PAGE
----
Tuesday, July 01, 2008

And Now for Something Completely Different...

So, in the happy little chain-o'-blogs that I mull through sometimes, I came upon this little challenge: http://lotfp.blogspot.com/2008/06/media-influences.html

Basic premise: What are the 5 biggest media influences on you as a DM/GM/etc.?
So, here we go!

1) H.P. Lovecraft
I was introduced to Lovecraft relatively late in my GMing 'career', but the Cthulhian horror concepts he started tend to permeate whatever game I'm running. In D&D, I end up with Mind Flayers and Elder Brain, summoning "Far Realm" entities alongside their humanoid cultists. Same thing happens in Conan, and even in superhero games like Heroes Unlimited.

2. Ray Harryhausen
I first watched "Jason and the Argonauts" when I was in first grade. Greek myth, filtered through stop-motion effects and bad '60s haircuts, made my childhood what it was. It started in me a love of all things mystic and mythic, which hasn't ceased yet. In terms of GMing, a lot of this shows in my backgrounding. I love having some ancient myths and heroes sitting lost in the background, whose deeds the players can emulate.

3. He-Man
If nothing else, He-Man and the Masters of the Universe has something for every GM. Ancient, forbidden magic; ultra-high technology; unique super-powers; a cackling villain with unique (and powerful) henchmen; massive, decaying fortresses...Seriously, what GM couldn't pull from a setting like this?! I was obsessed with He-Man for years, and managed to pick up the DVD releases immediately as they were released. I still go back to these for episodic game ideas...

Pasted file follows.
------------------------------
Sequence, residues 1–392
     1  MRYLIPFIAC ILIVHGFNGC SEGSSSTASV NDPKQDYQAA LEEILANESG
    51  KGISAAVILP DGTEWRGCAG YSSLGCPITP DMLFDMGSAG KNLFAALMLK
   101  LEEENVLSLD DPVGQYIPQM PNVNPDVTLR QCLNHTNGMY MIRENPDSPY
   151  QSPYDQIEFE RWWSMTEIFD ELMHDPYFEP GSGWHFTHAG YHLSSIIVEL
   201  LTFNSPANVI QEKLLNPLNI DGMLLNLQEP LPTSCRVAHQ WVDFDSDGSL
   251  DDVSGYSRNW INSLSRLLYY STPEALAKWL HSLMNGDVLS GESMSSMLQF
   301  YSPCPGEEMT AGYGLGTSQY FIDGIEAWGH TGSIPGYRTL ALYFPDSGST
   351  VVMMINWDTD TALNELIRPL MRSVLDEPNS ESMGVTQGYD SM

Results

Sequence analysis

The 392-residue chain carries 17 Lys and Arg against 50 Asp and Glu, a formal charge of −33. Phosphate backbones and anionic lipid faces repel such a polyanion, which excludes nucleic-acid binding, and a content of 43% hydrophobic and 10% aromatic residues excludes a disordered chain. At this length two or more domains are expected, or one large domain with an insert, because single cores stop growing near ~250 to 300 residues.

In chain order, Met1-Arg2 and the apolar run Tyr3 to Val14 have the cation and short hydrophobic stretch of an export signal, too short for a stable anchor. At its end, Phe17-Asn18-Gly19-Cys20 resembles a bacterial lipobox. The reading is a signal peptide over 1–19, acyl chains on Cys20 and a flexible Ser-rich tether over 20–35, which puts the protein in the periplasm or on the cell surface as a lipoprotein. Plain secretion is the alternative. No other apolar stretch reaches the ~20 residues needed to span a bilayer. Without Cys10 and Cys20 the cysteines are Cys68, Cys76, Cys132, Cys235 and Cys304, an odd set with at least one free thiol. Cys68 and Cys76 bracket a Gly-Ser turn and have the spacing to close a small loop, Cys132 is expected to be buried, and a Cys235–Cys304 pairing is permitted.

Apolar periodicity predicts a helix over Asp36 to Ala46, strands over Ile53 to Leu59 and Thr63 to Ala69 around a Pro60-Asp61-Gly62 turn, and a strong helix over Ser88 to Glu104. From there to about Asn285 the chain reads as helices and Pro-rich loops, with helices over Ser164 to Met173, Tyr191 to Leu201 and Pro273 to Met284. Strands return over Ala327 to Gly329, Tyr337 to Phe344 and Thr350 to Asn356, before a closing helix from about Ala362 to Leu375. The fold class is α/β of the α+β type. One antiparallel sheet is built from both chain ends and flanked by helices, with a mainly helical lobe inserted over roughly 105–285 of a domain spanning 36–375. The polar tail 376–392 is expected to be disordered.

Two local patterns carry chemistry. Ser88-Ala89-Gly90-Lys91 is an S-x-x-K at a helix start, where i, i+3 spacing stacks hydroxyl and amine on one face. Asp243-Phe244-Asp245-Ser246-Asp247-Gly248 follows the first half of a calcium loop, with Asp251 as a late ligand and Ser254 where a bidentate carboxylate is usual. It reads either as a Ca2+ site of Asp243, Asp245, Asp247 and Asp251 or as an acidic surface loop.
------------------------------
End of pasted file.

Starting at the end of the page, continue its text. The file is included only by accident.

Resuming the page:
4. Thomas Malory
As a Medievalist, Malory's 'piece de resistance' stands out any time I think about literary influences. The tragedy of Arthur's death, and the circumstances surrounding the fall of Camelot, are among the most recognizable for good reason. The nature of the Grail Quest, as well, is almost iconic in its representation of a "quest arc". I love pulling from Arthurian lore for adventures, particularly with lesser known knights (Yvain comes immediately to mind).

5. Planescape/Ravenloft
Growing up on D&D, it was really easy to paint many things in 4-color. Good was good, evil was evil, and that was it. These two campaign settings utterly threw me for a loop on that. Existential philosophy in gaming?! Moral quandaries?! Who knew that D&D could get so complex. Even in a non-planar, non-RL game, I find myself throwing in ideas and moral choices for players that are colored by these two campaign settings.

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